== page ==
"Democratic leaders reacted with fury and demanded an investigation [late last night] following a new report that President Trump personally directed his former attorney, Michael Cohen, to lie to Congress about the president’s push for a lucrative condo project in Moscow in the lead-up to the 2016 election," per the WashPost:
From BuzzFeed: "Trump vehemently denied having any business interests in Russia. But behind the scenes, he was pushing the Moscow project, which he hoped could bring his company profits in excess of $300 million."
"Make it happen," the sources said Trump told Cohen.
Over the past year, The Boston Globe tracked down 93 of the 113 valedictorians who appeared in the paper’s "Faces of Excellence" features from 2005 to 2007.
The findings were sad and scary:
Four have been homeless: "[T]he Globe interviewed four who experienced homelessness after high school."
Why it matters: This represents a stunning "epidemic of untapped potential."
This is amazing: "Despite the many obstacles to success they encountered, Boston valedictorians themselves generally did not complain about their disadvantages."
"Thousands of federal employees and their families are applying for unemployment and food stamps to get by as the longest government shutdown in U.S. history drags on with no end in sight," AP's Michelle Smith reports:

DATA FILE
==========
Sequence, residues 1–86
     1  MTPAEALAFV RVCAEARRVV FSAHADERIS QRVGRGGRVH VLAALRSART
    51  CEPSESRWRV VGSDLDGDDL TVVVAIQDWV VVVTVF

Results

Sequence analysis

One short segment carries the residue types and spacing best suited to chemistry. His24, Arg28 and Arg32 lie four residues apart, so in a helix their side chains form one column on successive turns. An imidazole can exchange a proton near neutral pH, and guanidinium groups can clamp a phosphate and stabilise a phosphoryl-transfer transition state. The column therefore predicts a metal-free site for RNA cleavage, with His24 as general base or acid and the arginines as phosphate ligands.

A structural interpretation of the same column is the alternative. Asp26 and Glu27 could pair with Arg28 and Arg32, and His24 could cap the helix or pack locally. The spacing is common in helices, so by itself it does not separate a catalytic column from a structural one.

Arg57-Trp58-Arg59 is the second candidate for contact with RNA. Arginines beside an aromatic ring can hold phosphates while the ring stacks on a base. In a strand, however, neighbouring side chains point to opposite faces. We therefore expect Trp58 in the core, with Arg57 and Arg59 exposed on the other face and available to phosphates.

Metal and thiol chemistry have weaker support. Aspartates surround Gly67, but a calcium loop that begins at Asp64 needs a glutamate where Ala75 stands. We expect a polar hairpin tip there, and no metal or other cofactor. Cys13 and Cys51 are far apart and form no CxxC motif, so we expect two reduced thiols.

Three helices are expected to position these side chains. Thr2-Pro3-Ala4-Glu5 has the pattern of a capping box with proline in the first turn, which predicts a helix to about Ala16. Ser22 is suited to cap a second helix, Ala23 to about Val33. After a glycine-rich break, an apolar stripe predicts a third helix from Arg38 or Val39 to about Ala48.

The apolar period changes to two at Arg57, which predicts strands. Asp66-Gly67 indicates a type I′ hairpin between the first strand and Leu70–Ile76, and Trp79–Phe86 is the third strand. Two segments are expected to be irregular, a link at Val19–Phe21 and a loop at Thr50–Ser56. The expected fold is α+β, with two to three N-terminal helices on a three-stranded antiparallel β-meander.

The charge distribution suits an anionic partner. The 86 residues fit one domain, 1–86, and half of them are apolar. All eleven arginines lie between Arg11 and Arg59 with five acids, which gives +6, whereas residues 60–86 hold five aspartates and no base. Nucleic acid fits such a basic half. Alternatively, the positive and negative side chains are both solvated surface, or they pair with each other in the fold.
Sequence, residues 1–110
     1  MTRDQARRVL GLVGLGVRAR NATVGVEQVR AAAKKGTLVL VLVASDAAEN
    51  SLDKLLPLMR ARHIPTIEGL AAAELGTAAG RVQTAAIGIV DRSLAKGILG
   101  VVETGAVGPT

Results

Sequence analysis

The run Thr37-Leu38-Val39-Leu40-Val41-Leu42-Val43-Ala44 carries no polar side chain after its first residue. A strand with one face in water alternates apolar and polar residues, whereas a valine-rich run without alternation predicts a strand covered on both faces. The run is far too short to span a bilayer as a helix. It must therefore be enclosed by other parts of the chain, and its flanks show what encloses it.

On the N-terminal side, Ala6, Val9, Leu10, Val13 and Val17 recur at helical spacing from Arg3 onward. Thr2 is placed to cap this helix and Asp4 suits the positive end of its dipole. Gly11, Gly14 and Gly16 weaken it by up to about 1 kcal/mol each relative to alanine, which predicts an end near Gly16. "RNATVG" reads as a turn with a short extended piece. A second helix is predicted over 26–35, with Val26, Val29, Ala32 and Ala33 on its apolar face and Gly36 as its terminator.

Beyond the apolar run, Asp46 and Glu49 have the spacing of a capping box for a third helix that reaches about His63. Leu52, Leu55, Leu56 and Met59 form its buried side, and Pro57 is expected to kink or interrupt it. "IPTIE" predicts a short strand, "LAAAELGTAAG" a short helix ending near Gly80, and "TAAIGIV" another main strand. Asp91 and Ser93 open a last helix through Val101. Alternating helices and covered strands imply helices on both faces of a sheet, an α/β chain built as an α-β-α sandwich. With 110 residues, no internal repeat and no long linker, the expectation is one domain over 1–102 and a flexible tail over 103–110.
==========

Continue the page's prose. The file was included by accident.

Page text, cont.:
N.Y. Times Quote of the Day ... Kirk Skinner, acting federal security director at Tampa International Airport, on public sympathy for TSA officers, who are working without pay:
P.S. Senate Majority Leader Mitch McConnell op-ed in today's Washington Post, "H.R. 1 is really the Democrat Politician Protection Act."
The cover of The New Yorker next week is "Walled In," by John Cuneo.
The New Yorker's "Cover Story" notes that Cuneo last year depicted the President enjoying a day of golfing in the swamp.
The HHS inspector general said yesterday that "more migrant children may have been split from their families than the Trump administration previously reported," AP's Colleen Long and Ricardo Alonso-Zaldivar report:
Facebook investor Roger McNamee uses a new book, "Zucked," out Feb. 5, to escalate his claims that the social network is bad for society, Axios' David McCabe writes.
Facebook is pushing back: "The reality is Roger McNamee hasn’t been involved with Facebook for a decade," said a spokesperson.
McNamee is a longtime investor who founded his last firm, Elevation, with Bono as a partner; he says he still holds shares of Facebook.
The book’s seven pages of acknowledgments namecheck 15 Senate staffers and eight from the House, as well as a large swath of the media — from the makeup team at MSNBC to some of the outlets that broke the Cambridge Analytica story.
"Monday's observance of what would have been Martin Luther King Jr.'s 90th birthday is emerging as an important moment for Democrats eyeing the White House to talk about one of the most divisive issues in American politics: race," AP's Errin Haines Whack writes:
"The King holiday marks the first time in the early days of the Democratic primary that so many White House hopefuls are holding public events on the same day."
Raising a glass to Axios' second anniversary ... A hot trend in restaurants: Smart Brevity for wine lists.
"Micro lists are less intimidating and easier to navigate."
And all the people said: Amen!